Latest Research on Sandy Soil: Dec – 2019

Preferential flow mechanism in a water repellent sandy soil

Dry water repellent soils are difficult to wet, forcing water and solutes to flow via preferential paths through the unsaturated zone. A tracer field experiment was wont to investigate the mechanism of preferential flow and transport during a water repellent sandy soil. Water and solutes are distributed by lateral flow within the, relatively wet, thin humose topsoil toward preferential flow paths below this zone. This flow within the upper layer, which is of major importance within the spatial distribution of water and solutes in field soils, is usually not considered, and is introduced here as “distribution flow.” The preferential flow paths are separated by dry soil bodies, which are highly persistent thanks to their extremely water repellent character and their low hydraulic conductivity. [1]

How water moves in a water repellent sandy soil: 1. Potential and actual water repellency

Water repellency is a crucial property of the many soils. It causes rainwater to penetrate into the soil as preferential flow paths, and solutes can reach the groundwater sooner than within the case of a homogeneous wetting. Water repellency depends on several factors which are principally associated with the characteristics of the organic matter of the soil. A distinction between “potential” and “actual” water repellency and therefore the assessment of the “critical soil water content” are introduced and highlighted during this paper. [2]

Organic Amendment Effects on Physical and Chemical Properties of a Sandy Soil

Effects of repeated applications of sewage-sludge compost on soil properties haven’t been sufficiently evaluated with field trials. Field studies were established on an Evesboro loamy sand soil (mesic, coated Typic Quartzipsamment, 97% sand) to match the consequences of sewage-sludge compost, beef manure, and fertilizer amendments on soil properties. The study site had been fallow for 26 yr and will have provided a positive response to the added organic matter. Compost application rates were supported the idea that material would be applied either just one occasion or annually. Application rates ranged from people who were too low to provide the entire N requirement of a crop (e.g., 33 Mg ha−1) to excessively high rates that might produce maximum soil benefits from the added organic matter (e.g., 268 Mg ha−1). [3]

Improving water retention capacity of an aeolian sandy soil with feldspathic sandstone

The Mu Us sandy land in China’s Shaanxi Province faces a critical water shortage, with its aeolian sandy soil endangering the regional eco-environment. Here we investigated the consequences of feldspathic sandstone on water retention in an aeolian sandy soil from the Mu Us sandy land. Feldspathic sandstone and aeolian sandy soil samples were mixed at different mass ratios of 0:1 (control), 1:5 (T1), 1:2 (T2), and 1:1 (T3). Soil-water characteristic curves were determined over low- to medium-suction (1–1000 kPa) and high-suction (1000–140 000 kPa) ranges, by centrifuge and water vapour equilibrium methods, respectively. [4]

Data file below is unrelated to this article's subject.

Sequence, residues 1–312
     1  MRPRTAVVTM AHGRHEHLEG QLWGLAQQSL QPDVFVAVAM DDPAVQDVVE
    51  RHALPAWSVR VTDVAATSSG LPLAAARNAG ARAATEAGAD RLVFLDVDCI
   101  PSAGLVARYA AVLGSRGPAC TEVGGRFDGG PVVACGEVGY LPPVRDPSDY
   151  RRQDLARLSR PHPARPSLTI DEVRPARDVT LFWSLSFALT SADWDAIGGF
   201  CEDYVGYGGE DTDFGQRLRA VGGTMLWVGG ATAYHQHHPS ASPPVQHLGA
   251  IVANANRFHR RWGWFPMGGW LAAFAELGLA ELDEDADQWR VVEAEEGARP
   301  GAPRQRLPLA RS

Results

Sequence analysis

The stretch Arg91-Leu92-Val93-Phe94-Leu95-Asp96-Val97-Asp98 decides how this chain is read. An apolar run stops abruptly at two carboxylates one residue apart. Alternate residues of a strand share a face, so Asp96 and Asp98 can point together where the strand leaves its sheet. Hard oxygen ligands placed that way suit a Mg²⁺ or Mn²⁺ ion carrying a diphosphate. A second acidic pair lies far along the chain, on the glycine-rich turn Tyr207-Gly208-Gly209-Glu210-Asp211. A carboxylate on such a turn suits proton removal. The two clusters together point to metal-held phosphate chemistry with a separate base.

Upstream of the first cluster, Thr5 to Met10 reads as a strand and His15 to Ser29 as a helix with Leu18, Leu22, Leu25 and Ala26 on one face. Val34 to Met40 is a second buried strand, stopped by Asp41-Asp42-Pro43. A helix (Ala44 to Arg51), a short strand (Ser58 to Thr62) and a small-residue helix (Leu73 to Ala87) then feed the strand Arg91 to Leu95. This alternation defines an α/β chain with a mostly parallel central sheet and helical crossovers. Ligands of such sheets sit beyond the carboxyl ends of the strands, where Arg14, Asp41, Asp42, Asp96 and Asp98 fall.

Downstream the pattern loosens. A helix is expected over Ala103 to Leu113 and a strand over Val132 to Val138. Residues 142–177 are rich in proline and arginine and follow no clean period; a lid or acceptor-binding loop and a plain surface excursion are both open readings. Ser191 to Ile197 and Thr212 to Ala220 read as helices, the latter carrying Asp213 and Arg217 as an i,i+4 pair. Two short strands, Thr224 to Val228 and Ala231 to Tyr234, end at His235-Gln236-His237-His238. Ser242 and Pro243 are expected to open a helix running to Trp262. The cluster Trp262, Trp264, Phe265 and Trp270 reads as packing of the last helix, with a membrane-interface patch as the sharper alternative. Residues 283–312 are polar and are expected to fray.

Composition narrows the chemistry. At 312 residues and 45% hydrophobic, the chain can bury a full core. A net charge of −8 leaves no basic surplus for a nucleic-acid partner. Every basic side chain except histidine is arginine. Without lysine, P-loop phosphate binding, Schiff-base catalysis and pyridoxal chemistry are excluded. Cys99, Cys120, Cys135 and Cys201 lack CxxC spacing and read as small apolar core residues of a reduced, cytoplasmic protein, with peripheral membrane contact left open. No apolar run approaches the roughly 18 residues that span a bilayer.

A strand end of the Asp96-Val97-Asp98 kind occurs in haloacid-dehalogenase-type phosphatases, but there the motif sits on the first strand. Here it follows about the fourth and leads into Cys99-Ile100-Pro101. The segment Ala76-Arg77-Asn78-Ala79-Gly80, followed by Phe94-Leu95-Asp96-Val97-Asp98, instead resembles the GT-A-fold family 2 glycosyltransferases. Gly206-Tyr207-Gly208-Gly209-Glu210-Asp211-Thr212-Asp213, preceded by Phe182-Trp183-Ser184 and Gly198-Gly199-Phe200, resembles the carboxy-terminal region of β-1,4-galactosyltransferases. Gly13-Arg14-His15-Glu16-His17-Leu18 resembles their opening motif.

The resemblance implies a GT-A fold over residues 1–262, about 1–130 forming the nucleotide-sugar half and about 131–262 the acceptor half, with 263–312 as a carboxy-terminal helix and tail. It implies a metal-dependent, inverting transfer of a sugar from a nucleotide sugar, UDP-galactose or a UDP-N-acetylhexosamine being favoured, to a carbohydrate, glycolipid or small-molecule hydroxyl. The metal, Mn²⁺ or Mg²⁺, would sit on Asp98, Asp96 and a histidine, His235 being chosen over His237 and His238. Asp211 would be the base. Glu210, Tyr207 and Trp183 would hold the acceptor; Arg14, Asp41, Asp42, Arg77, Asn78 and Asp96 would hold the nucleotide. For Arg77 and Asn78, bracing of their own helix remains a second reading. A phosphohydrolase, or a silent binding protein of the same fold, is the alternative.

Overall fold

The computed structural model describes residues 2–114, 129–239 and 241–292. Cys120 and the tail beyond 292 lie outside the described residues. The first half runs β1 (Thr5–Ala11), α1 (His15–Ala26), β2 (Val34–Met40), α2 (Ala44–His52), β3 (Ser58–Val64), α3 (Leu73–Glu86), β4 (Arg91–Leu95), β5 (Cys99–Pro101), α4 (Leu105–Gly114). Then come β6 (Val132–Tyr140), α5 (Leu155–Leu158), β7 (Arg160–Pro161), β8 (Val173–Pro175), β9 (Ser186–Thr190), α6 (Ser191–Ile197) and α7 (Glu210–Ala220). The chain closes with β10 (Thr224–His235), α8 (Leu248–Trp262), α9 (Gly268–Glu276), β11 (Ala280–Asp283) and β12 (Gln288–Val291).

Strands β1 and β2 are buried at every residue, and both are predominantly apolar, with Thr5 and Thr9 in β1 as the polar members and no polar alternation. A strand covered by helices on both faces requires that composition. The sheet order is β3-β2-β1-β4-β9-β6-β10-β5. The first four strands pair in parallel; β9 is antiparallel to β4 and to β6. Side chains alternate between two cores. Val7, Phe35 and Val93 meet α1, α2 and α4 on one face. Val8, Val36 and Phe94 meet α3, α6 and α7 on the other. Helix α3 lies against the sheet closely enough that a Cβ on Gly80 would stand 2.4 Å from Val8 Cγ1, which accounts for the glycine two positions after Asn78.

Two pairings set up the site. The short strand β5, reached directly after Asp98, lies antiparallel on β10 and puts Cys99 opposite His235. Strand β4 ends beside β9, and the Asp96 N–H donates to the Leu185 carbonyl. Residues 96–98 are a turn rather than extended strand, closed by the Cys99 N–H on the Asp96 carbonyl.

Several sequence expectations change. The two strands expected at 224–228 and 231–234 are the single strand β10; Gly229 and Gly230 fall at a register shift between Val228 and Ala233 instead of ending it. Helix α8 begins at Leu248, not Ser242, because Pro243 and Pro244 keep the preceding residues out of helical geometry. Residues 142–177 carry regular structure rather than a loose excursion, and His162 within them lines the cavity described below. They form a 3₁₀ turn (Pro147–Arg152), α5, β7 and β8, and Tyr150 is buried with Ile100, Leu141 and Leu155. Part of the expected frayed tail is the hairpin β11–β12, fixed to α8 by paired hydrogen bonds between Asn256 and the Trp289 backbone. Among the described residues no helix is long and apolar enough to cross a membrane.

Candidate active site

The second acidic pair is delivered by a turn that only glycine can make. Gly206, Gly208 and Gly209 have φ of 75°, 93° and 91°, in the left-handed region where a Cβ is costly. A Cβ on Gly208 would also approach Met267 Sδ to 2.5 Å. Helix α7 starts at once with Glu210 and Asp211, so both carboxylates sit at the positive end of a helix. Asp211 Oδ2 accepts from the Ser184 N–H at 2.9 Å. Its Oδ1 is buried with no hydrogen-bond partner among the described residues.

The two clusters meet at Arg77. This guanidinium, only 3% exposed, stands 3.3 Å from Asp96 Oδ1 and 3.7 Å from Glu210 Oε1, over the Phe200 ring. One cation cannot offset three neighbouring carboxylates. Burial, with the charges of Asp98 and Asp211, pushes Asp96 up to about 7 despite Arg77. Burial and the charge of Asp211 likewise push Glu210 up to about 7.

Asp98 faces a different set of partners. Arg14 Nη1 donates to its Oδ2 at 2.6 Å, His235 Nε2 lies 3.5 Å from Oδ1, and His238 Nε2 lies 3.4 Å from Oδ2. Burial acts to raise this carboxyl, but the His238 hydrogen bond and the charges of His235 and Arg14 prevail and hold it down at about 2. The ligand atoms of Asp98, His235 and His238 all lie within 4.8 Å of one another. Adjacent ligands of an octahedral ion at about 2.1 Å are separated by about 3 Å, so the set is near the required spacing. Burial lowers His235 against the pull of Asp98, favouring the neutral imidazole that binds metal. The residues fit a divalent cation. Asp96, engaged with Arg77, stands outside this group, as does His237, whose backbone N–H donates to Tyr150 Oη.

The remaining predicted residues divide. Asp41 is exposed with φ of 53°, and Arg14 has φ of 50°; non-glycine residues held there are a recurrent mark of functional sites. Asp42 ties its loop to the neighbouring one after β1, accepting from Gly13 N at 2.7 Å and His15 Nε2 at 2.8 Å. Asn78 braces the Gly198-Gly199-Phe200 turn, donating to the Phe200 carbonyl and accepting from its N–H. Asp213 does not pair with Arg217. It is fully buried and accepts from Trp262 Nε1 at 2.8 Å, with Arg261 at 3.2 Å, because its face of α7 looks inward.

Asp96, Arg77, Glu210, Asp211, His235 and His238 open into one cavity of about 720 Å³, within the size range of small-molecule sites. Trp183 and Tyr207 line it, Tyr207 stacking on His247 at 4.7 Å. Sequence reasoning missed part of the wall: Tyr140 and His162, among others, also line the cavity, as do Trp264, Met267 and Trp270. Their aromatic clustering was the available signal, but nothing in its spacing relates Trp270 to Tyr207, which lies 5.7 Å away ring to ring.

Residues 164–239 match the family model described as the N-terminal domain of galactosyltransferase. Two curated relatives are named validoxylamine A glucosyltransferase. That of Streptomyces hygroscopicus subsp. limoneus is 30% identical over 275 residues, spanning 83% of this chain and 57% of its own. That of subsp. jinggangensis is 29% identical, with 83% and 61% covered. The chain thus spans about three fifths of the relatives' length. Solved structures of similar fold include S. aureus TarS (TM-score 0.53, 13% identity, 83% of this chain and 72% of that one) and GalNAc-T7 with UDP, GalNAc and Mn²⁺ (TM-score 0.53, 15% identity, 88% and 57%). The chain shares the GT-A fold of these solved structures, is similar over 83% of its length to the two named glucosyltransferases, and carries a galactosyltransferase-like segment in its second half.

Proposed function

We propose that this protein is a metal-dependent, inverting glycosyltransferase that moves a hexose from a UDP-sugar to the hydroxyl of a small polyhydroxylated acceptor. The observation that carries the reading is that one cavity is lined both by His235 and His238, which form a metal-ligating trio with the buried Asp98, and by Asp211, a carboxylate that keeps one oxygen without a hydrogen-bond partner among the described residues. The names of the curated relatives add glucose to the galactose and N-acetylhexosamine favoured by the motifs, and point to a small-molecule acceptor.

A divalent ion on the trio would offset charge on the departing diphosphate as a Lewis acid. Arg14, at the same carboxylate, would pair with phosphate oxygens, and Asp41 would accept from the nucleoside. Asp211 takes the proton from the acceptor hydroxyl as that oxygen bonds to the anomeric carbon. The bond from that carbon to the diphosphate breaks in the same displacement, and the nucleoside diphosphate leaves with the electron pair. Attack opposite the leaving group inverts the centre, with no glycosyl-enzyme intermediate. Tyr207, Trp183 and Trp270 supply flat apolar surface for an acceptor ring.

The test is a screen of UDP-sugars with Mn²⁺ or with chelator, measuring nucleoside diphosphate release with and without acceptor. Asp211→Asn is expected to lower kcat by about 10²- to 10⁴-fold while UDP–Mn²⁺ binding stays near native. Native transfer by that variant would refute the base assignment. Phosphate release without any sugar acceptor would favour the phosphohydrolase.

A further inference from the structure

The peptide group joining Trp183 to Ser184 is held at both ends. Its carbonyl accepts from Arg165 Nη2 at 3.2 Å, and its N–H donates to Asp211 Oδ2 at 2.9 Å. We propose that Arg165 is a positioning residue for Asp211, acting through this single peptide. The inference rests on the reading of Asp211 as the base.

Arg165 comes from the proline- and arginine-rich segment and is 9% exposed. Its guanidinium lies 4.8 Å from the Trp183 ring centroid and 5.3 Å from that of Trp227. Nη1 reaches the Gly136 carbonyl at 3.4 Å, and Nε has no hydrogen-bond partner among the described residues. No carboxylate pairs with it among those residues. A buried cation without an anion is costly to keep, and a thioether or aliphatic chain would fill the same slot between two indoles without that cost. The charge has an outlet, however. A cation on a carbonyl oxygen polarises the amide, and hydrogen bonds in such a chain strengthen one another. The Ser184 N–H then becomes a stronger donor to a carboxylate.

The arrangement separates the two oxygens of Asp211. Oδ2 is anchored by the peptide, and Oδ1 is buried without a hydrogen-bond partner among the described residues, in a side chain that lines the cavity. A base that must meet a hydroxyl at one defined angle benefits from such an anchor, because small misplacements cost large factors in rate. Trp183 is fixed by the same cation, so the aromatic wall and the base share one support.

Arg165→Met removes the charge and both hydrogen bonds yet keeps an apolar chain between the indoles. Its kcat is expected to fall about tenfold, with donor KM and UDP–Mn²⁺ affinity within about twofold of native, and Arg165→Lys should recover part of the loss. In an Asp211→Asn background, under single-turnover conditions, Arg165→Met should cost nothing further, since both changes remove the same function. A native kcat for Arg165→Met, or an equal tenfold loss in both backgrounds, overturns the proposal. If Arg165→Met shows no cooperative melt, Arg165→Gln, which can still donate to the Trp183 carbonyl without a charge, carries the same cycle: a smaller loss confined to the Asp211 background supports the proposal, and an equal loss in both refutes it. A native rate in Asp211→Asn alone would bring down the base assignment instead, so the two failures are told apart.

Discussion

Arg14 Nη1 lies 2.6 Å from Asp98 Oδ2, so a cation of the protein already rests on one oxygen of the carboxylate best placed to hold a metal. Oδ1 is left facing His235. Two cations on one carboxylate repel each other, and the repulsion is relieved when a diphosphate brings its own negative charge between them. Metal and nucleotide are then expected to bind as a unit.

Relationship between the Absorption Behavior of Iron and Silicon by Plant and the Macronutrients Affected by Some Sandy Soil Additives

Aims: A field experiment was administered to review the connection between the plant content of iron (Fe) and/or silicon (Si) and therefore the macronutrients under the sandy soil conditions in presence of soil additives different in their effect on the nutrient’ availability.

Place and Duration of Study: A field experiment for 2 successive seasons (Sesame in summer season 2015 and wheat in winter season 2016) in sandy soil of the Ismailia Agricultural Research Station – Egypt.

Methodology: Separate single rates of 1190.48 kg/ha for rice straw, cellulose, silica were mixed with the soil surface before cultivation then covered with a skinny layer of soil. Sesame seeds and/or wheat grains were hand sown and planted as recommended. At harvest, the seeds and grains were analyzed for N, P, K, Si and Fe, also because the soil available N, P, K after harvesting each crop. [5]

Reference

[1] Ritsema, C.J., Dekker, L.W., Hendrickx, J.M.H. and Hamminga, W., 1993. Preferential flow mechanism in a water repellent sandy soil. Water Resources Research, 29(7), (Web Link)

[2] Dekker, L.W. and Ritsema, C.J., 1994. How water moves in a water repellent sandy soil: 1. Potential and actual water repellency. Water Resources Research, 30(9), (Web Link)

[3] Tester, C.F., 1990. Organic amendment effects on physical and chemical properties of a sandy soil. Soil Science Society of America Journal, 54(3), (Web Link)

[4] Improving water retention capacity of an aeolian sandy soil with feldspathic sandstone
Lu Zhang & Jichang Han
Scientific Reports volume 9, (Web Link)

[5] T. Rashad, R. (2017) “Relationship between the Absorption Behavior of Iron and Silicon by Plant and the Macronutrients Affected by Some Sandy Soil Additives”, Asian Journal of Soil Science and Plant Nutrition, 1(3), (Web Link)

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